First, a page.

Labor Day: a September picnic with the Little Women

Little Women by Louisa May Alcott
published 1868  chapter 12

[Invitation to the March girls from Lawrie:

Some English girls and boys are coming to see me tomorrow, and I want to have a jolly time. If it’s fine I’m going to pitch my tent in Longmeadow, and row up the whole crew to lunch and croquet – have a fire, make messes, gipsy fashion, and all sorts of larks.

‘I’m so glad my French print is clean; it’s just the thing, and so becoming!’ observed Meg complacently. ‘Have you anything decent, Jo?’

‘Scarlet and grey boating suit, good enough for me. I shall row and tramp about, so I don’t want any starch to think of.’…

‘Oh, Jo, you are not going to wear that awful hat? It’s too absurd! You shall not make a guy of yourself,' Meg remonstrated, as Jo tied down, with a red ribbon [a] broad-brimmed old-fashioned Leghorn.

[At the picnic] there was an inviting array of eatable and drinkables… and everyone settled themselves to a hearty meal. A very merry lunch it was, for everything seemed fresh and funny, and frequent peals of laughter startled a venerable horse who fed near by. There were many mishaps to cups and plates, acorns dropped in the milk, little black ants partook of the refreshments without being invited, and fuzzy caterpillars swung down from the tree to see what was going on. Three white-headed children peeped over the fence, and an objectionable dog barked at them from the other side of the river with all his might and main.

'What shall we do when we can't eat any more?' asked Lawrie...

'Have games till it's cooler.'

observations: Labor Day – the first Monday in September, so today – is a big deal in the USA: there is a political and philosophical meaning, as it celebrates the importance and solidarity of working people and trade unions (similar to the May 1st holiday in other parts of the world). But also, it marks the end of the summer, the last day you can wear white shoes (!) and for millions of children is a bittersweet last day of fun before school goes back. I was wondering why the  holiday doesn't feature in literature much – but it turns out that’s hardly surprising in the likes of Little Woman, as Labor Day didn’t exist until the end of the 19th century, and became a federal holiday in 1894.

So this is just a September day out and picnic for the cast of Little Women, and some British visitors (subtly shown as slightly inferior to the Americans, except, surprisingly, in the simplicity of their dress.). But there’s a pleasing pro-worker stance: Mr Brooke, Lawrie’s tutor, says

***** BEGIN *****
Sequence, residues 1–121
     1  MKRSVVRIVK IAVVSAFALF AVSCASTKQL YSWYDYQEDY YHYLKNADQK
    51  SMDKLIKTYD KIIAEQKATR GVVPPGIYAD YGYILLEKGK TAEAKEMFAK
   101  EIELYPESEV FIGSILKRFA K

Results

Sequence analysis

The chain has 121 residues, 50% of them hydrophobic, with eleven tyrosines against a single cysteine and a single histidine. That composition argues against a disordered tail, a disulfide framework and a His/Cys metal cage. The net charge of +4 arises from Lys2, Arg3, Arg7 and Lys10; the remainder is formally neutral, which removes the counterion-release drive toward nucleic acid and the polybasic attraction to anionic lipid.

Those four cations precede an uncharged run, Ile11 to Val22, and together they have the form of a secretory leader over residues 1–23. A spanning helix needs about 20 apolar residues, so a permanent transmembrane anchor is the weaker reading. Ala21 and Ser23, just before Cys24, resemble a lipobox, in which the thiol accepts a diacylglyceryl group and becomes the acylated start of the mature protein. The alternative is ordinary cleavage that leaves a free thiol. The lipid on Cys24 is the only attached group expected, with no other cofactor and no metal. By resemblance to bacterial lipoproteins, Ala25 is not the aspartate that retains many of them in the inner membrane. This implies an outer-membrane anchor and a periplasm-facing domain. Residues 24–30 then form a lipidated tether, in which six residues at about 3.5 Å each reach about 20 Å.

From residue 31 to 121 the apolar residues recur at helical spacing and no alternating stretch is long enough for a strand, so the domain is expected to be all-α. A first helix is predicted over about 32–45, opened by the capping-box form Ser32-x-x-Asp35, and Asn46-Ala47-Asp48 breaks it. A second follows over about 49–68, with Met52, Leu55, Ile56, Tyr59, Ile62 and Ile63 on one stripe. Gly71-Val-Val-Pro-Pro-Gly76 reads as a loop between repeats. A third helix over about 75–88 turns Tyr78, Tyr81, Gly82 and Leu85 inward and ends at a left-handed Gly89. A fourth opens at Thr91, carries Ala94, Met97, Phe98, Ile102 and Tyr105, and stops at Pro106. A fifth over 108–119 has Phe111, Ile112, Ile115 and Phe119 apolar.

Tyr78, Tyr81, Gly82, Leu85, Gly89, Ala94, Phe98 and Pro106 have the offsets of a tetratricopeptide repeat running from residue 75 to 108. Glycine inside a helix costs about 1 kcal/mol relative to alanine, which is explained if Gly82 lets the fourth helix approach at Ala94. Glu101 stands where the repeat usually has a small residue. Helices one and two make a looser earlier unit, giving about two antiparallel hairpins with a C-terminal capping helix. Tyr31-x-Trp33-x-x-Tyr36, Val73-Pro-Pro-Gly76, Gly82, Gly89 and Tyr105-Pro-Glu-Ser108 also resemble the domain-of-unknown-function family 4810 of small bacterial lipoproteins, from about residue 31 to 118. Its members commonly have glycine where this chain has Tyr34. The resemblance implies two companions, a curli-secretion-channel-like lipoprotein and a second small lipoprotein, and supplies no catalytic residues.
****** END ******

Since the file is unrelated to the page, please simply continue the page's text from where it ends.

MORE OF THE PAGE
‘Young ladies in America love independence as much as their ancestors did, and are admired and respected for supporting themselves.’ 
He is defending Meg, the governess, and later says to her ‘There’s no place like America for us workers, Miss Margaret.’

One more Labor Day detail: Outside the Seattle Art Museum there is an enormous sculpture of a Hammering Man by Jonathan Borofsky, 48 feet tall, celebrating workers everywhere.

His arm "hammers" silently and smoothly four times per minute from 7 am to 8 pm every day, and it is a splendid sight. But he always has Labor Day off, so is immobile today.

The top picture is from the Nova Scotia archives.

Little Women has featured before – click on the label below.


  1. Moira - I have to say I love the look at Victorian-Era America in Little Women and its follow-ups. And what an idyllic day you've chosen for your focus! I admit I think Alcott moralises a bit much for my taste in these novels, but they are such integral part of literary history aren't they? Thanks for the reminder.

    1. I skip some of the more moral bits, but like many women I love the rest - iconic part of my childhood. My copy was passed on by an aunt, so is really pretty old now.

  2. Ah, I well remember the days when you could only wear white shoes certain times of the year (and when I actually cared). Or maybe that is still true in the South and it is only in California that no one cares.

    1. It would be interesting to know who does stick with the old rules, wouldn't it. I liked the way you have clearly defined seasons in the US - we're more hazy in the UK, but that's probably because the weather is so unreliable, we have to enjoy it whenever it comes...


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